Equipping Immigrants with Workplace Skills

IINE-Boston’s Service Industry Training Program prepares immigrants for hospitality, healthcare, and banking jobs

In April 2014, Asma Amahri came to the U.S. from Morocco knowing little English. Shortly after her arrival, however, she took a job as a cashier at Dunkin’ Donuts in East Boston. While this position did not meet her  career goals, it allowed her to strengthen her language skills. She knew that in order to advance in any career, she needed to achieve a higher level of fluency in English. A close friend referred her to the International Institute of New England and mentioned
its English and skills training programs. Asma knew this was her opportunity.

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Asma enrolled in the Institute’s Service Industry Training Program (SITP), a 12-week course that equips students with the skills they need to start a career in the hospitality, healthcare, and banking industries. During the program, Asma participated in industry-specific skills and customer service training, intensive English Speakers of Other Languages (ESOL) classes, and computer literacy training.

Following her graduation in December 2016, Asma worked with Skills Training Program Coordinator Chloe Walker and Skills Training Program Specialists Kelson Brighton and Maureen Carani to find a full-time job. It took less than a month for her to land a well-paying housekeeping position at Boston Medical Center, a large hospital with many opportunities for growth.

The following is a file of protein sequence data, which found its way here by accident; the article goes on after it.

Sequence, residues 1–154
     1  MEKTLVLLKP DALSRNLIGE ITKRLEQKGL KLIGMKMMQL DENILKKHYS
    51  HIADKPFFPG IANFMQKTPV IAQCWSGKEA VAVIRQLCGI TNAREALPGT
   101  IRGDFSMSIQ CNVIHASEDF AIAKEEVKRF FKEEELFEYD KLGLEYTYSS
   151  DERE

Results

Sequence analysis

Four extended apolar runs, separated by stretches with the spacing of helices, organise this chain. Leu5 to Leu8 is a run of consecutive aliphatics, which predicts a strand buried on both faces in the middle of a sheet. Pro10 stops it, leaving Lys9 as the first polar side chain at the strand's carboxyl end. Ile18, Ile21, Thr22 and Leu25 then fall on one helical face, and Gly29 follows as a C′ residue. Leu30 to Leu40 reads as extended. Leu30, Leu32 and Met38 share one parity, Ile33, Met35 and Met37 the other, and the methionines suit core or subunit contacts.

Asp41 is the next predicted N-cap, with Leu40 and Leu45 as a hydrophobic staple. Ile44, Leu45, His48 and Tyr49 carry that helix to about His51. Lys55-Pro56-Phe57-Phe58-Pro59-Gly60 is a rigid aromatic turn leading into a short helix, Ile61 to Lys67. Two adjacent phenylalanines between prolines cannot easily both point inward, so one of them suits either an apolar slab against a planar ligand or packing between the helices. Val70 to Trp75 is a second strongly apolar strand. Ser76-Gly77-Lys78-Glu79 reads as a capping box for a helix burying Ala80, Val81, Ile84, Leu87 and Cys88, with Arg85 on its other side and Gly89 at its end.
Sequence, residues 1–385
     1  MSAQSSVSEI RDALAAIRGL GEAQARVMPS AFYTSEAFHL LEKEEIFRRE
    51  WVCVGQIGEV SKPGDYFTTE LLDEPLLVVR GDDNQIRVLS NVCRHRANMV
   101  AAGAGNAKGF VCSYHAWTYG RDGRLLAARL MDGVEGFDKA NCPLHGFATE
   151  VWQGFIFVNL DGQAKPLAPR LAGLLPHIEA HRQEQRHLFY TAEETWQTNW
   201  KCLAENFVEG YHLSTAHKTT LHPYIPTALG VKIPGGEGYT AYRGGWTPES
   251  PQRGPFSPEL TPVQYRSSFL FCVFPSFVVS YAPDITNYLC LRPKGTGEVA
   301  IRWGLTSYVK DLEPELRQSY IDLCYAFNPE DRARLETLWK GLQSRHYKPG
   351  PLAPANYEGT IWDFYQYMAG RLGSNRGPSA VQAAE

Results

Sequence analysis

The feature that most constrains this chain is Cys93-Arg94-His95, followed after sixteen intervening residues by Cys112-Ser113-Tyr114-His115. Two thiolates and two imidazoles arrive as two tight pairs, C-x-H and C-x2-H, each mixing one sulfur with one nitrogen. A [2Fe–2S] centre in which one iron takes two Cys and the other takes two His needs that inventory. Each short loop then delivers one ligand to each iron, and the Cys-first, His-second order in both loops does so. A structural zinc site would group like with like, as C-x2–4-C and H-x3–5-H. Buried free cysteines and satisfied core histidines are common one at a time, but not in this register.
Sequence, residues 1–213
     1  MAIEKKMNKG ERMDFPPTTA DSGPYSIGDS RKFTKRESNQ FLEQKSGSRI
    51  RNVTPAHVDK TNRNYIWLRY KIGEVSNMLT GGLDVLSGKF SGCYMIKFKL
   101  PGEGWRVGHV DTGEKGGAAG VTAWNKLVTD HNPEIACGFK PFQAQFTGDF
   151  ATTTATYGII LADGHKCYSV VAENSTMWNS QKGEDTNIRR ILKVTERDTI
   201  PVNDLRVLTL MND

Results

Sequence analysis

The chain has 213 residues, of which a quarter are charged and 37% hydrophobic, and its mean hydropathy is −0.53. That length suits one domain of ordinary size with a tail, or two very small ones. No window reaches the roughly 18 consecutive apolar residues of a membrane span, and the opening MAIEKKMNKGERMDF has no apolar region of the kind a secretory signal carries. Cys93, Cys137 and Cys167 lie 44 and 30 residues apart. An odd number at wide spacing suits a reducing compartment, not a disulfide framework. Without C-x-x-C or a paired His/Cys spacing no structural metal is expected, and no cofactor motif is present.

On December 2, 2016, Asma Amahri attended her Service Industry Training Program graduation ceremony at the IINE- Boston office. She is pictured above with Skills Training Program Coordinator Chloe Walker and Skills Training Program Specialist Kelson Brighton.

On December 2, 2016, Asma Amahri attended her Service Industry Training Program graduation ceremony at the IINE- Boston office. She is pictured above with Skills Training Program Coordinator Chloe Walker and Skills Training Program Specialist Kelson Brighton.

“I had a great experience at the Institute, and they gave me confidence in my abilities,” Asma said. With a laugh and a smile, she added: “I think they helped me so much. I recommend that all immigrants go through the program at the Institute because even if they don’t realize it, they need help and support.” Asma demonstrated her language abilities during a recent lecture event at the IINE-Boston site office, where she participated in a dialogue about integrating immigrants into the workforce.

While she’s only worked at Boston Medical Center for a short time, Asma continues to plan for the future.“I want to become a nurses’ assistant, and then maybe pursue something completely different,” she said. “I have a lot of dreams, and thanks to the Institute I have the skills and confidence to pursue them.”

To learn more about the Institute’s programs and services visit iine.org.